What we stood for at senior gun protest

About two weeks ago half of our retirement community here at Cathedral Village (of about 200 people) turned out to demonstrate against gun violence. I was asked to “say a few words” as we concluded our time together. Here is what I said:

When we leave this demonstration today I am sure some people, friends or family, will ask why you went to this demonstration or, even better, what did you think you accomplished. Here is a response you might consider:

I am not quite sure what I accomplished but this I do know…the opposite of good is not evil but indifference and for that reason:

Today I stood with Marian Anderson as she sang at the Lincoln Memorial in 1939 in opposition to the racism of her time.

Today I stood with Rosa Parks who refused to sit in the back of a bus in Montgomery, Alabama in 1955.

Today I stood with Maggie Kuhn, founder of the Grey Panthers, who in the 1980s and 90s changed the way the nation looked at and treated older Americans.

None of these fine women could have ever imagined in their time what great good they were bringing to our nation.

So today we stood with the young people of our land who advocate for gun sanity.  We felt a sense of high privilege in following their lead. We are so very grateful for their witness.

Reverend Richard Fernandez
Indivisible Chair
Cathedral Village

 

McCalla column overlooked DROP legacy

Jay McCalla’s recent opinion column (“Dis is Philly”) was an informative analysis of the history of Democratic politics in Philadelphia over the past 60-plus years. One issue that he did not include in his piece was the introduction, by then-Mayor Rendell, in 1999, of the DROP (Deferred Retirement Option Plan) program.

Under DROP, city workers could set a retirement date up to 4 years in advance. At that point, their pension benefit becomes frozen, and they start accruing benefits in an interest-bearing account. When they retire, workers receive those benefits in a lump sum. This payment is in addition to their full city pension.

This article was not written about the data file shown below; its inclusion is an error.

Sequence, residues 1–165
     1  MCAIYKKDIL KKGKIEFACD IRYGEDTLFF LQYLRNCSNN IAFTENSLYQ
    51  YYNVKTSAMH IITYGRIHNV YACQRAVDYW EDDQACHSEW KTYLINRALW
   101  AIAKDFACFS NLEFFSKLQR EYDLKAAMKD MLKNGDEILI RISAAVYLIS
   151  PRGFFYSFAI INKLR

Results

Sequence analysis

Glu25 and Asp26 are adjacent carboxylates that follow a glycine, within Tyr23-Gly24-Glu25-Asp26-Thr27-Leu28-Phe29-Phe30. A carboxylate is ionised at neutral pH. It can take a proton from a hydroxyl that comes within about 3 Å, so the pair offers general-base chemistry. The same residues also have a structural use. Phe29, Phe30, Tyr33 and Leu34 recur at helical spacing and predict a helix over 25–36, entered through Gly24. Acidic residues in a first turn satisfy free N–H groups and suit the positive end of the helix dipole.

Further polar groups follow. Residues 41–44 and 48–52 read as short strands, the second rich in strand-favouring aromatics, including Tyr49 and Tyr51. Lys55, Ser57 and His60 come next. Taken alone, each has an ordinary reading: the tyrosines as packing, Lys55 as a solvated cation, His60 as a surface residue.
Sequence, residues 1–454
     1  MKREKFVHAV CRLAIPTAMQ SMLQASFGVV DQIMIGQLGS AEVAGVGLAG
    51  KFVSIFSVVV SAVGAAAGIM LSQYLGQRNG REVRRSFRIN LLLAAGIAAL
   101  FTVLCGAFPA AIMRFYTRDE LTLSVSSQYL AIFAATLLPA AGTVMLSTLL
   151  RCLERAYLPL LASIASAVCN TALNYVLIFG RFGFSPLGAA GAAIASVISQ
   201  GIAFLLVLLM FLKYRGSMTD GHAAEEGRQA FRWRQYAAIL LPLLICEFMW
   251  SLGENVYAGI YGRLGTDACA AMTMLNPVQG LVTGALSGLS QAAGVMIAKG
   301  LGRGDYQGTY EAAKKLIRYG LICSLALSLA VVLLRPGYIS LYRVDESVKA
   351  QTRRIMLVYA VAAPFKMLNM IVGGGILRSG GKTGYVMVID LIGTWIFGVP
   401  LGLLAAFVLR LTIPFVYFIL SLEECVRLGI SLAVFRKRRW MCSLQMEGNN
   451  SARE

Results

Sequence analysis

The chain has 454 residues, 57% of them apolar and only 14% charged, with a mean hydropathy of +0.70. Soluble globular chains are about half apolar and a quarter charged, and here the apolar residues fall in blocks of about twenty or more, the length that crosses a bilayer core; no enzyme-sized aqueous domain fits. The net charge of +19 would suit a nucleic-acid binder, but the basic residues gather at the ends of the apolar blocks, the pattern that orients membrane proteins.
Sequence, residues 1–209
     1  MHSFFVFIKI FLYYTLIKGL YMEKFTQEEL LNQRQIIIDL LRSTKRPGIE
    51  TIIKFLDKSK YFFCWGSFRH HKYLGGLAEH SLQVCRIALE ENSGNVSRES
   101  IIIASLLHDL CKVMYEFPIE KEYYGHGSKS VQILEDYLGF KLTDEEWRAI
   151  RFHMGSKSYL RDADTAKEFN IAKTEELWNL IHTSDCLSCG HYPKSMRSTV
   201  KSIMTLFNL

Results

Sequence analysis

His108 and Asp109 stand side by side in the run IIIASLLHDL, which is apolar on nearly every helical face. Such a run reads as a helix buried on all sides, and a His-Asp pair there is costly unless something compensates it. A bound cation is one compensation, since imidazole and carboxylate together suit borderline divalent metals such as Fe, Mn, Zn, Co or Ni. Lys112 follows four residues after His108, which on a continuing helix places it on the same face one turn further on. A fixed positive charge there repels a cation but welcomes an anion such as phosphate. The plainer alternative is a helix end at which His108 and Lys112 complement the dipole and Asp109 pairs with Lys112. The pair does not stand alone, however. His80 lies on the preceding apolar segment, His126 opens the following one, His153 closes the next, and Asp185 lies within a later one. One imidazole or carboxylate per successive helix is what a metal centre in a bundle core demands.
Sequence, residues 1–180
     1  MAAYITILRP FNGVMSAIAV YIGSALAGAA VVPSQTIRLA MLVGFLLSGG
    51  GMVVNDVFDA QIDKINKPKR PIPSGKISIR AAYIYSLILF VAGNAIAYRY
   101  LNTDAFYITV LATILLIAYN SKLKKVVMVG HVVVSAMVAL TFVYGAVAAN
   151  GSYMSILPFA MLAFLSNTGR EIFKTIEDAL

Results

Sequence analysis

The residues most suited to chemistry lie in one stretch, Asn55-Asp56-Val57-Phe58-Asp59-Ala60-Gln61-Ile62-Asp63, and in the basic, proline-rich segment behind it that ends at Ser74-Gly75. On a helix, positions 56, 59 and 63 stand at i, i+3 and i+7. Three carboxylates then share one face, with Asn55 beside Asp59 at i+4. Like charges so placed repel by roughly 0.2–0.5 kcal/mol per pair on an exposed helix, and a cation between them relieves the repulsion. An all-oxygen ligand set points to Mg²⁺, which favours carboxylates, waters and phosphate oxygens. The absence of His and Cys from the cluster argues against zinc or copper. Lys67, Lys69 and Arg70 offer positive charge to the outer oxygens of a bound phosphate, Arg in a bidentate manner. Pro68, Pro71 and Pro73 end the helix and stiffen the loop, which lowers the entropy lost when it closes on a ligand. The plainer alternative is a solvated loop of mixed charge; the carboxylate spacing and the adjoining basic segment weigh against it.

Some time after 1999, the program was extended to allow elected officials to participate. This was ever intended to be part of the original program. As of a few years ago, six City Council members had enrolled (The number might now be higher). Moreover, a loophole in the program allowed them to run for re election, then resign for one day to receive their payout, and return to office.

A study reported by WHYY in December 2017 concluded that the cost of DROP to the City is approximately $277 million since 1999. Just since 2010, it has cost Philadelphia $62 million. Only about 45 percent of the program is funded. The balance is an unfunded liability.

While in office, Mayor Nutter asked City Council to eliminate the program. Union officials pushed to keep it: Mayor Kenney has done nothing to address this issue. And surely, there is no incentive by City Council to do anything about it.

I would be interested to hear from any City Council members who are in favor of eliminating this boondoggle once and for all.

Sharon M. Reiss
Mt. Airy

 

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